Sample Healthcare Essay on Types of decision making

Types of decision making
How decisions are made in coalitions
In a coalition, decision making is usually made through consensus. This is because in most cases, there would be no decision that would be accepted wholly by all the parties. Despite this fact, in some instances, voting takes place to decide whether a decision will be accepted or not.
Types of decision making
In decision making, the style that will be used depends on the circumstance and nature of the decision to be made. In general, there exist four essential types of decision making including the directive, analytical as well as the conceptual and the behavioral styles. Under the directive style, the group leader resolves problems using the information that he/she possesses and does not consult, nor seek for any assistance from others. It is more or less the autocratic way of making decisions. Advantages of this type of style include improved and quick decision making, since no one questions or challenges the decision made (More & Miller, 2014 P. 150). It makes sure that compliance is adhered to in the work place as it focuses on goal attainment. It maximizes the control of the subordinates while at the same time enabling them to know what is expected of them. Disadvantages include the fact that it can be punitive and rarely rewarding. It also leads to minimal compliance and reduction of subordinate’s morale. At the same time, it inhibits two way communications and reduces staff innovation and creativity (Timby & Smith, 2013 P. 55).
Analytical style of decision making exists when the leader lacks sufficient information that is necessary to make an informed and effective decision. The leader therefore relies on others for the information though they do not indicate the problem. Their decision is therefore based on making decisions out of the rational data obtained (Gustafsson, 2006 p. 12). The advantage of this style of decision making include the ability of a leader to get hard and soft information from analytical sources (Sanderson, 2006). It has the drawback in that wrong information may arise out of wrong observation or idea.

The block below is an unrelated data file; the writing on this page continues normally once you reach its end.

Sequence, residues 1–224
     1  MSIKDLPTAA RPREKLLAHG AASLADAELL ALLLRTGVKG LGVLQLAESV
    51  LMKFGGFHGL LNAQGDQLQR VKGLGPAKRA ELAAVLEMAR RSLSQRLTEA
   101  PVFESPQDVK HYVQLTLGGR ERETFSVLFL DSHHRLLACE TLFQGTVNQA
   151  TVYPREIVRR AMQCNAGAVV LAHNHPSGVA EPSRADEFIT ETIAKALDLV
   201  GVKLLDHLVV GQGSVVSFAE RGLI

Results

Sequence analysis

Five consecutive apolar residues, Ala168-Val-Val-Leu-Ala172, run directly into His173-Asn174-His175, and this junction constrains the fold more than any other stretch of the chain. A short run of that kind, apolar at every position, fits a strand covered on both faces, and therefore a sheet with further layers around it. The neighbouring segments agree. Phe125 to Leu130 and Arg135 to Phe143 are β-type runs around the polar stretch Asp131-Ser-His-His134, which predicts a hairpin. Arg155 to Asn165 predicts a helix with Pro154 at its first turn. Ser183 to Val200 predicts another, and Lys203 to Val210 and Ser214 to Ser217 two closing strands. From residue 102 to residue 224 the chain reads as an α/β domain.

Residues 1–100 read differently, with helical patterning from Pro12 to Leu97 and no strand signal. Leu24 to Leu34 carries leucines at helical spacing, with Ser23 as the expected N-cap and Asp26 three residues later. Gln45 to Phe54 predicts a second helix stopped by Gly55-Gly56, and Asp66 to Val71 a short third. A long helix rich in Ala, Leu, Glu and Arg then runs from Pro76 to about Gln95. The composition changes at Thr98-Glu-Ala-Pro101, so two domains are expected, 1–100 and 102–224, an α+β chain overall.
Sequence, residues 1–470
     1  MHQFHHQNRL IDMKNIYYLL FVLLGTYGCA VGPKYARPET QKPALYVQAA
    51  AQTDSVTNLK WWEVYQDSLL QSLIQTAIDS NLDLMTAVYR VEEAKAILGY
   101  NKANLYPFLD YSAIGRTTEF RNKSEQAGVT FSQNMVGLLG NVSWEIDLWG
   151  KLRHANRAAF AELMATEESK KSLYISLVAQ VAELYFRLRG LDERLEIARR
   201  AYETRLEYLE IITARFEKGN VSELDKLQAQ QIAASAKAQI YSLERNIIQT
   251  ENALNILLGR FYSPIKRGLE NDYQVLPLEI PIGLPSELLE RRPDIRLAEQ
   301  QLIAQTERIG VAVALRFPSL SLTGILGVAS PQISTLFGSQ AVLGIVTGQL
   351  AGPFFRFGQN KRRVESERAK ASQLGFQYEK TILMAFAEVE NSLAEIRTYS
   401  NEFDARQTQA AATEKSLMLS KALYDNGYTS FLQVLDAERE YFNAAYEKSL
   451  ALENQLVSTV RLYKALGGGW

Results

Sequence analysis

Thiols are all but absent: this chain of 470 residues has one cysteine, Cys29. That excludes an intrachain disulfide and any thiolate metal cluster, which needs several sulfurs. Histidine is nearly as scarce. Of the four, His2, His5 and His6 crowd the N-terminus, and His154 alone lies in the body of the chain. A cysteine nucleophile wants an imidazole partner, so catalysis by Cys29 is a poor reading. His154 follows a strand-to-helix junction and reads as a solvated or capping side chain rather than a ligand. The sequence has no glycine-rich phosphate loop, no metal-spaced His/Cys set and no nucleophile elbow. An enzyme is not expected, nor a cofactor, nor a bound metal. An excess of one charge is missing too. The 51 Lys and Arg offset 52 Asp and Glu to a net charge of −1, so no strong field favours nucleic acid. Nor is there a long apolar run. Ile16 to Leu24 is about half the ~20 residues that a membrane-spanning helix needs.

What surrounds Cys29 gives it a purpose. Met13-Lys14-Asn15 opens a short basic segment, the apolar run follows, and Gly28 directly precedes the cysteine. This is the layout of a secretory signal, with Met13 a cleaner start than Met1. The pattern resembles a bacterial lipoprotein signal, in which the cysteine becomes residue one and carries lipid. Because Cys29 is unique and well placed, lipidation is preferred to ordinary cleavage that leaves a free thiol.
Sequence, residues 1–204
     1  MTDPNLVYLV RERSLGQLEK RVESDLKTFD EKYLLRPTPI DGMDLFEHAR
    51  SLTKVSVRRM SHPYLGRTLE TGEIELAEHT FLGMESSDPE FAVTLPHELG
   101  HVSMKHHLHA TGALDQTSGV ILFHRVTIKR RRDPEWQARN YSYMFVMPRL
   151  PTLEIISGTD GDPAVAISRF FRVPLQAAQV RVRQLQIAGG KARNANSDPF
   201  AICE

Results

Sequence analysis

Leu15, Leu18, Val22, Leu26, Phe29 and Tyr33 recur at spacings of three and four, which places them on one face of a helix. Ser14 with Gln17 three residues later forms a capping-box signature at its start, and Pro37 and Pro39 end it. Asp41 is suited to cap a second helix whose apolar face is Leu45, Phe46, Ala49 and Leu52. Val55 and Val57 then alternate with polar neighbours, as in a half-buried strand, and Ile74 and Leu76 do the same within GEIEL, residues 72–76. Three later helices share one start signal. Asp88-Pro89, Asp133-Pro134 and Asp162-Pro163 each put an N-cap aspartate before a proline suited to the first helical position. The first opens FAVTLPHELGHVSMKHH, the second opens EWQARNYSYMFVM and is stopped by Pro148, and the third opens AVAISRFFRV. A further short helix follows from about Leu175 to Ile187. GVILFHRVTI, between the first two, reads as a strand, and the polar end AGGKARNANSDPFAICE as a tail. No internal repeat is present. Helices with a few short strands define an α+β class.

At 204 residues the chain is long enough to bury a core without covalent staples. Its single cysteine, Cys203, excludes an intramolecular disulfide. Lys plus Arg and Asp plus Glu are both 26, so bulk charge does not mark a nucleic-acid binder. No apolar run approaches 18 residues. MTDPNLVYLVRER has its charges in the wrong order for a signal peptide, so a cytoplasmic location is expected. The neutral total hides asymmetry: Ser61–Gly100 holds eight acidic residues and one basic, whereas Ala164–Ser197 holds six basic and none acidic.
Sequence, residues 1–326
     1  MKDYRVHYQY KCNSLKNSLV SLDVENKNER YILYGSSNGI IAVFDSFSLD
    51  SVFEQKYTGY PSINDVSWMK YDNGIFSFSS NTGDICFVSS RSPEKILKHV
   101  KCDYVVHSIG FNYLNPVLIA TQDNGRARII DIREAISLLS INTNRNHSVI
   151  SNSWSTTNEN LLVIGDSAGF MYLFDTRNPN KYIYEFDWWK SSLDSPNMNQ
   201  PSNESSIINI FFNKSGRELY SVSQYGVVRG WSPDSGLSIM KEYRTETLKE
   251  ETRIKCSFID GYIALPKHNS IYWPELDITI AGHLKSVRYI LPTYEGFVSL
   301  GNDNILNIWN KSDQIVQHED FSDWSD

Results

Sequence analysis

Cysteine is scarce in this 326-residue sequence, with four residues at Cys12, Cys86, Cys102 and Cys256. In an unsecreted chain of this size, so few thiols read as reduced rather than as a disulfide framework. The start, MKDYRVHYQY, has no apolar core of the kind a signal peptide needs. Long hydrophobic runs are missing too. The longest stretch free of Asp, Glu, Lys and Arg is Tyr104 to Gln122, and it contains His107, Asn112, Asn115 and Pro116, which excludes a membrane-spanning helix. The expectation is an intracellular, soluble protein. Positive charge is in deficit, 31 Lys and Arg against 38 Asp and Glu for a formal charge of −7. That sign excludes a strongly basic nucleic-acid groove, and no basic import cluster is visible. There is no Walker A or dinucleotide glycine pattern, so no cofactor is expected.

Conceptual style of decision making entails the leader explaining the problem to the group members who in turn participate in finding solutions to the issue. Under this method, there is a broader perspective of analyzing a given situation unlike in directive or in analytical styles (Driver, Brousseau & Hunsaker, 1998). At the same time, more facts, knowledge and alternatives can be sought. This method also allows for clarifications as it leads to more satisfaction as a result of participation. It also leads to creativity as well as providing a long term benefit to the organization. The downside of the style includes the time consumed when making and reaching to a conclusion, which is more as compared to the other styles. At the same time, it may result in compromise in an event where no side agrees to the decision. This approach may also pose security issues to the organization since information may be leaked out.
The behavioral styles of decision making entail a situation where the leader explains the problem to a group or an individual, where they both try to negotiate a solution that both parties will embrace. It arises in situations where the leader is concerned with the achievements of the subordinates and is ready to listen and implement their suggestions. One of the advantages of this method is that it motivates the subordinates and makes them feel valued in the organization. It may therefore lead to more productivity and efficiency. This style is most likely to lead to compromise when the leader reflects the views of the workers so as to make them feel valued.

References
Driver, M. J., Brousseau, K. R., & Hunsaker, P. L. The dynamic decision maker: Five decision styles for executive and business success. New York, NY: toExcel; 1998.
Gustafsson, V. Entrepreneurial decision-making: Individuals, tasks and cognitions. Northampton, MA: Edward Elgar Publishing; 2006.
More, H. W., & Miller, L. S. Effective police supervision. Boston: Newnes; 2014.
Sanderson, C. J. Analytical models for decision making. Maidenhead: Open University Press; 2006.
Timby, B. K., & Smith, N. E. Introductory medical-surgical nursing. New York: Lippincott Williams & Wilkins; 2013.